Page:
The campaign plane is a noteworthy backdrop to any presidential campaign. But Joe Biden is breaking with this longstanding tradition and will not be using a private jet for his presidential push. He will be the first presidential contender in generations not to do so.
Joe Biden breaks the mold with campaign jets
Despite been nicknamed “Amtrak Joe” because he supports long-distance rail, Mr Biden is a regular user of private jets. In the third quarter of 2019, Mr Biden’s campaign spent US$924,000 using jets provided by Virginia-based Advanced Aviation. The charter business has a fleet of long-range VIP aircraft that can seat 50 – 100 passengers in first class comfort.
But it seems Mr Biden is now leaving the private jets behind. Ostensibly, it is because of health concerns surrounding large gatherings. But it is also about saving money and contrasting with the incumbent President.
Campaign planes, usually private charter jets, are a staple of presidential campaigns. As campaigners barnstorm across the United States, private jets allow a degree of flexibility and convenience that commercial travel cannot match.
It doesn’t hurt that these planes are usually extremely comfortable to travel in and make great backdrops for media. Indeed, from an aviation fan point of view, there’s a lot of interest in the type of planes presidential contenders use.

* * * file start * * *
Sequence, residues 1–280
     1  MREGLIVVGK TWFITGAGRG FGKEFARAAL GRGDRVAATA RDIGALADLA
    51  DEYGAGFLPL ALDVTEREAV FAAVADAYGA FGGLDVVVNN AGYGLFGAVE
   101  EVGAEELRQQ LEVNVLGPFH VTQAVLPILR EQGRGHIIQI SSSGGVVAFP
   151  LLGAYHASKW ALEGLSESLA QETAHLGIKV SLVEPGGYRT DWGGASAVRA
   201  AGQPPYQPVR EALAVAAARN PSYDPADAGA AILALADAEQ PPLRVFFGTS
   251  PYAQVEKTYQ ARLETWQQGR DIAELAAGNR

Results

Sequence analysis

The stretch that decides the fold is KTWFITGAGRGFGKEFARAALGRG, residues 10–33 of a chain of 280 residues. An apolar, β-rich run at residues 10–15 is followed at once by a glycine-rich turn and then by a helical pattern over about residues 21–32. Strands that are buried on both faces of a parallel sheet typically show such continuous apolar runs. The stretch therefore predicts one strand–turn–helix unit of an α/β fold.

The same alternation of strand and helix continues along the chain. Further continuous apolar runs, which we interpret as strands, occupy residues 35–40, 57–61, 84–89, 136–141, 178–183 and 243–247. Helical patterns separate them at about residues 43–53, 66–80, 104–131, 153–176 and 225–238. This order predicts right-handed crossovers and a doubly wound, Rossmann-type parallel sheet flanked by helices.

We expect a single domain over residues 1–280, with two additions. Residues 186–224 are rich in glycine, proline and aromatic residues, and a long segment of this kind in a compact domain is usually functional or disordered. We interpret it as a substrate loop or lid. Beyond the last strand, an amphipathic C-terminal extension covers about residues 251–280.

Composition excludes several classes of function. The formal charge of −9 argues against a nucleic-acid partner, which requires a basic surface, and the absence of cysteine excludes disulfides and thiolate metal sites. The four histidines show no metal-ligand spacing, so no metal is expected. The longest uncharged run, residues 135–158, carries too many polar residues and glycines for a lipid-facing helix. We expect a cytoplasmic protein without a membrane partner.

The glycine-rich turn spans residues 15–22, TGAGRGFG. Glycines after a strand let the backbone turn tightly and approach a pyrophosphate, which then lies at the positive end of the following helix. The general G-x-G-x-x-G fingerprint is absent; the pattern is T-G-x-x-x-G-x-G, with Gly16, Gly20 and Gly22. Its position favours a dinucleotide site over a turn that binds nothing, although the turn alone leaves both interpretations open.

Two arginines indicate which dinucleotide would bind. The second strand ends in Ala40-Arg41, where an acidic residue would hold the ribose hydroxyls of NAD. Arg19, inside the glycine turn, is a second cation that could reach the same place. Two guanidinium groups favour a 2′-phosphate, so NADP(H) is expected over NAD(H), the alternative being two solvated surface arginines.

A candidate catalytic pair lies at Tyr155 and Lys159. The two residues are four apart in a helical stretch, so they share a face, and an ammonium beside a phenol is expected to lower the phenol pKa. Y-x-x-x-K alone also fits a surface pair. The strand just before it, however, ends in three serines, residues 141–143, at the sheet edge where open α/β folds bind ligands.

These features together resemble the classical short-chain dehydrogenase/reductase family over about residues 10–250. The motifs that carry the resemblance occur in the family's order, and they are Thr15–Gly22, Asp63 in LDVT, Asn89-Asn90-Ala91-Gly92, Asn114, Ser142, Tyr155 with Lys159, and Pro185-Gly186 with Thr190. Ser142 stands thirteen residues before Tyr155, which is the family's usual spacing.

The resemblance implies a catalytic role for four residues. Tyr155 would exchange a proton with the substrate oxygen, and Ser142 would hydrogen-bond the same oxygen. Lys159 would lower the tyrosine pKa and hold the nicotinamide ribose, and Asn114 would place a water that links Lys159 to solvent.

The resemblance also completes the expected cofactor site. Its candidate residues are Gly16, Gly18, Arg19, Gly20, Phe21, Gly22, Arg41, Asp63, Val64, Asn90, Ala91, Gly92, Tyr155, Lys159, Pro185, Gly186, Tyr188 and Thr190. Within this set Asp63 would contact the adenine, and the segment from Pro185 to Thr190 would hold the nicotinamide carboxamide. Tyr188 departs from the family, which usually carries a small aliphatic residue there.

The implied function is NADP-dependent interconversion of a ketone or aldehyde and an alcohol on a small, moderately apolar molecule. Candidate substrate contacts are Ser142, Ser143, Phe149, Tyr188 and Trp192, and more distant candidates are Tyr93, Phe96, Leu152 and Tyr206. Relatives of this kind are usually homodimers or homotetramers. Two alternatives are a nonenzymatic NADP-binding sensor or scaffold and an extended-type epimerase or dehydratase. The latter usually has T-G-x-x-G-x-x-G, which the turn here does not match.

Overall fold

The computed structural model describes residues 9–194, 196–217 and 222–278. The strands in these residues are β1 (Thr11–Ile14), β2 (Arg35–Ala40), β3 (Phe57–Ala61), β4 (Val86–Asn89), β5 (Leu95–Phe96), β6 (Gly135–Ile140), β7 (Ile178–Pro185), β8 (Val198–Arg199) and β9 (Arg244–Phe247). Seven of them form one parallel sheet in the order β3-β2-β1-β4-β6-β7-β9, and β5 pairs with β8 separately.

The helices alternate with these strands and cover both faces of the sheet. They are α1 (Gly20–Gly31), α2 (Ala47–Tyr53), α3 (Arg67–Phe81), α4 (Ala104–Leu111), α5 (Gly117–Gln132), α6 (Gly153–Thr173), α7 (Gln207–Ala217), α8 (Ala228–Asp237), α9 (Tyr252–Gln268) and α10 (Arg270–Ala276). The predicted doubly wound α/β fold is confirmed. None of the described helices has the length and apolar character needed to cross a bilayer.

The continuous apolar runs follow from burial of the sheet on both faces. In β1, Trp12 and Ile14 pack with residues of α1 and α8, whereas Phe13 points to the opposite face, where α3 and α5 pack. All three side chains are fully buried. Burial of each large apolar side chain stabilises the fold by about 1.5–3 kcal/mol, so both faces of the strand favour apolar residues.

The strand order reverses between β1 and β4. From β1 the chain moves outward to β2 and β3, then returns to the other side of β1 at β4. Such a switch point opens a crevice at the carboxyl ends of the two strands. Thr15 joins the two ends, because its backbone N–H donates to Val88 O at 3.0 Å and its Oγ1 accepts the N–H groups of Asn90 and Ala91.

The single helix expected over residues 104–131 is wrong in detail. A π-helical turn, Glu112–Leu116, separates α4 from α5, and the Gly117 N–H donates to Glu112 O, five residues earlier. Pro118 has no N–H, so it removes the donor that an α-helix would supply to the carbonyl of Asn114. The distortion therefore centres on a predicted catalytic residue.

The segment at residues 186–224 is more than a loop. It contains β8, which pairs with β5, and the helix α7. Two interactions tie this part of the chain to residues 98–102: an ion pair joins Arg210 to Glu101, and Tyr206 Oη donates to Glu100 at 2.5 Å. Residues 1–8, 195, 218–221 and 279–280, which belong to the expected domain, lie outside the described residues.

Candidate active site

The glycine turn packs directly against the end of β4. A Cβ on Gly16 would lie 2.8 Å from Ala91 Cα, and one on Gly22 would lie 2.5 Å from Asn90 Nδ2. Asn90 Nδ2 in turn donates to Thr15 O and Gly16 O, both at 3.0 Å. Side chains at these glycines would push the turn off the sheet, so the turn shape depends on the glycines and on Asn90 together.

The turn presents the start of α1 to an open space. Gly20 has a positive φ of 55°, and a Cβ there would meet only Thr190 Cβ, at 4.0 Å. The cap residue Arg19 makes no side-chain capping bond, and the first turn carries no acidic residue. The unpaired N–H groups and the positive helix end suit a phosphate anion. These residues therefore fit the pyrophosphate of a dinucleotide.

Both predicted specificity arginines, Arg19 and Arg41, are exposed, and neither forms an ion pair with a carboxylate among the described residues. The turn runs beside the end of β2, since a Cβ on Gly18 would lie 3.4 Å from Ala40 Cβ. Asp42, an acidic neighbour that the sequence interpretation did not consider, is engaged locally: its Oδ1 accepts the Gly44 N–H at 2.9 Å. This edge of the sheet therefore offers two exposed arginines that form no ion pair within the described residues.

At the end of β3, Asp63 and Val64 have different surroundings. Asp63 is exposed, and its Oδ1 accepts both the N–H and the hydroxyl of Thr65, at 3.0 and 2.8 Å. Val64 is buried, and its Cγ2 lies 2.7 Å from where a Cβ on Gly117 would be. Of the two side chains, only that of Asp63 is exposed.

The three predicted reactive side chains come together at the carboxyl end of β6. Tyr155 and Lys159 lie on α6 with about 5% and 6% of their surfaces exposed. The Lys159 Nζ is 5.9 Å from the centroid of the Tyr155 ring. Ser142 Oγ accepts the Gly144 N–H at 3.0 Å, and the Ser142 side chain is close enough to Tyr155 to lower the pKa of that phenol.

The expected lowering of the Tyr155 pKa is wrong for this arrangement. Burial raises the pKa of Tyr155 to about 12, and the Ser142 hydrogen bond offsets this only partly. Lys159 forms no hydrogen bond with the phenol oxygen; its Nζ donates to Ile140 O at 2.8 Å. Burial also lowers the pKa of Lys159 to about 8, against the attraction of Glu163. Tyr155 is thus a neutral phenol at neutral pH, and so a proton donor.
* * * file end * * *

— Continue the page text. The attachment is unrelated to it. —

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The incumbent President keeps on flying
While the incumbent President enjoys Air Force One, he said no to the traditional campaign plane in the run-up to the 2016 election. Donald Trump preferred to campaign in his own Boeing 757-200. This type of plane usually carries up to 200 passengers, but Mr Trump’s plane carries just 43 passengers.
“It’s bigger than Air Force One, which is a step down from this in every way,” Mr Trump told Rolling Stone magazine during his previous campaign.
Since then, the President has learned to like the USAF offerings. As Mr Biden puts the brakes on his use of private jets, Mr Trump was flying around the mid-west on a USAF Boeing C-32 – a modified 757.
A long history of president contenders using private jets
Given Mr Biden’s professed advocacy for long-distance rail, it is ironic that private jet use in presidential campaigns largely coincided with the decline of rail transport. You can trace the rise of private jet use in presidential campaigns back over half a century or more.
Dwight Eisenhower was President of the United States between 1953 and 1961. When he was first campaigning, he flew around on a VC-121 called Columbine II. Twenty-five years later, Jimmy Carter leased a Boeing 727 from United Airlines when he was campaigning.
More recently, Barack Obama barnstormed across the United States in a Boeing 757 when campaigning for President in 2008. But that wasn’t a hard and fast rule. He and his team were on board a chartered Midwest MD-80 in 2008. It had to make an unscheduled landing in St Louis, Missouri, after the pilot experienced “controllability of the pitch” issues.
Eight years later, while Mr Trump was darting around the country in his 757, his then opponent, Hillary Clinton, used a Boeing 737-800 during her campaign.
Joe Biden’s step back from private jet use might save him money and may be better for the environment. But in doing so, Mr Biden creates a gap in a long-running line of presidential contenders and their campaign iconography. It also adds a footnote to the rather fascinating history surrounding the use of private jets in presidential campaign.